The Trail Orioles hosted a three game series against the Kelowna Jays on the weekend and after a tough start last week, the O’s eventually settled down to win their first game of the season.
It was the Orioles second series in the Pacific International League, a league that will provide tough and exciting competition for the Trail squad this year.
“The caliber of baseball that we play now is higher than it ever has been and basically we are playing against college summer teams and ex-pros,” said coach Jim Maniago. “We won’t have any easy games this year but hopefully we’ll win our share.”
The Trail team dropped their first two games to Kamloops last week but hoped for better against the Kelowna Jays.
Unfortunately, the first game at Butler Park on Friday was a 13-2 disaster for the home team. The Jays capitalized on poor pitching, too many walks, a rash of fielding errors, mental lapses and poor hitting.
But the first game of the double header Saturday was like night and day. The O’s Kyle Mace pitched a superb game for the 7-2 win, going the distance while ceding five hits and striking out five.
Mace helped out his own cause by going 1-for-3 with three RBI’s. His three-run double in the first inning set the tone early, giving him a four run lead.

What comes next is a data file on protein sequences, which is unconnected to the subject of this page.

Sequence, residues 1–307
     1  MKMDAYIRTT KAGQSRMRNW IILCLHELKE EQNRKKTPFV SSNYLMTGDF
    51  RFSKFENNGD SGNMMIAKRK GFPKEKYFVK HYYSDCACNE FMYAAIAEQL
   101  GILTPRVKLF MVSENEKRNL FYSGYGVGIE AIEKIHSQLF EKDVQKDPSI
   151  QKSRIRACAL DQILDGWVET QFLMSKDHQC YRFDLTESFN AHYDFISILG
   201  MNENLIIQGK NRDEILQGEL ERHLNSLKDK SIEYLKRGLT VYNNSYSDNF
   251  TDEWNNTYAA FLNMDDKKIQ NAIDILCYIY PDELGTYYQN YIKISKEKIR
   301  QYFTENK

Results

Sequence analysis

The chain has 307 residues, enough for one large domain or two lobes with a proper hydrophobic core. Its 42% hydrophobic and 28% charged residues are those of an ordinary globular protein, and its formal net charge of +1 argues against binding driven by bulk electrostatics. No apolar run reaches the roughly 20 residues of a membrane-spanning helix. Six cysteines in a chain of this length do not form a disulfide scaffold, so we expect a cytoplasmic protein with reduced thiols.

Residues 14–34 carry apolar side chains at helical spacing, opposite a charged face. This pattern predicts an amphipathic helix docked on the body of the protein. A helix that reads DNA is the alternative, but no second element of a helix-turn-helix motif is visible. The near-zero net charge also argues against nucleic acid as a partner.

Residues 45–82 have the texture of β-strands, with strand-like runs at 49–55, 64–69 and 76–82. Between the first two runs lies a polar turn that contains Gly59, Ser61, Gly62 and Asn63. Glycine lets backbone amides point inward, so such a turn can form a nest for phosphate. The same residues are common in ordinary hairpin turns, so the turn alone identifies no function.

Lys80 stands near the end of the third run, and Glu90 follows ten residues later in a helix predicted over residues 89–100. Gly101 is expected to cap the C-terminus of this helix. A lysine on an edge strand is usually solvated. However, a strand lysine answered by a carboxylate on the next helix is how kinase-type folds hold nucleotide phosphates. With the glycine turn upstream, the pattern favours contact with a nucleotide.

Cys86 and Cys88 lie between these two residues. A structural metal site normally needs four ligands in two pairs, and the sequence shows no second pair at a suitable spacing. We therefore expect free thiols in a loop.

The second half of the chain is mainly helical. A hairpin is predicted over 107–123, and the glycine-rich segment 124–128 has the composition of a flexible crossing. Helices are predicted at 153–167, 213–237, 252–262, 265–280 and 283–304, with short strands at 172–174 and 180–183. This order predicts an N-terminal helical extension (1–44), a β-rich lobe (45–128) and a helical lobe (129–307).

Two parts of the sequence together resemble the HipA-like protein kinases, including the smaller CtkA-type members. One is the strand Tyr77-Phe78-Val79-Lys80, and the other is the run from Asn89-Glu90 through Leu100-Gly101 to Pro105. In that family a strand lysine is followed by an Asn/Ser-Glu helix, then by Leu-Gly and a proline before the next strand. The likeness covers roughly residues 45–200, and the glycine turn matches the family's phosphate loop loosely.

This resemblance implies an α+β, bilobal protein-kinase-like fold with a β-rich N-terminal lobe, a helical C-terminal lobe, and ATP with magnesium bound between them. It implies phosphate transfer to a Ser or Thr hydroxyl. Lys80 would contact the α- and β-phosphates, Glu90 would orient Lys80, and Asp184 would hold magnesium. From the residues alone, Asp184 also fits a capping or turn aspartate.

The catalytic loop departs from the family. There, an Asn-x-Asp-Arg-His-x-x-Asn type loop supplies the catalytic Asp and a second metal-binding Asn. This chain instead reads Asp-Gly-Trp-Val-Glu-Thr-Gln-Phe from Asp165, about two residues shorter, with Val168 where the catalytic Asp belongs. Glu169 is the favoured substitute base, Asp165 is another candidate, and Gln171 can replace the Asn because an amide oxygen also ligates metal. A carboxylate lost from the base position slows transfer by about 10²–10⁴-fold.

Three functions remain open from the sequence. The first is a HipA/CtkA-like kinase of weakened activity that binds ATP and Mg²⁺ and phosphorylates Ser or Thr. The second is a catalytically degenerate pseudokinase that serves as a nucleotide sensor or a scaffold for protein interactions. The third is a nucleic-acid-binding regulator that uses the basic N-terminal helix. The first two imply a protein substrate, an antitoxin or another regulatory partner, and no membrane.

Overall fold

Infielder Joey Underwood also went 2-for-2 at the plate while knocking in two.
In the rubber match, Darrin Kissock got the ball and pitched a near perfect game, leading 5-2 entering the seventh but the Orioles had virtually no bullpen, as pitcher Ashton Florko was injured and Connor and Kellen Jones out of town.
With no relief, Kissock was forced to finish the game. Shouldering a precarious no-hitter into the top of seven, fatigue set in.
The right-hander ended up walking the first three batters then beaning the fourth. He gave up five runs in the inning on two hits, four walks and one hit batter. The Jays won the rubber in a close 7-5 match.
The league’s competitive factor is already showing as the Orioles start the season 1 and 4. Yet, for a small pool of players swimming in an unfamiliar ocean, the O’s are doing well, with all but one game being close.
“It makes it tough for a small town like ours. The Vancouver teams have 2.5-million people to choose from, Kelowna recruits guys from California plus they have their college team to draw from. Only a handful of their players are actually from Kelowna,” said Maniago. “That being said, we have good young local talent and we’re always competitive.”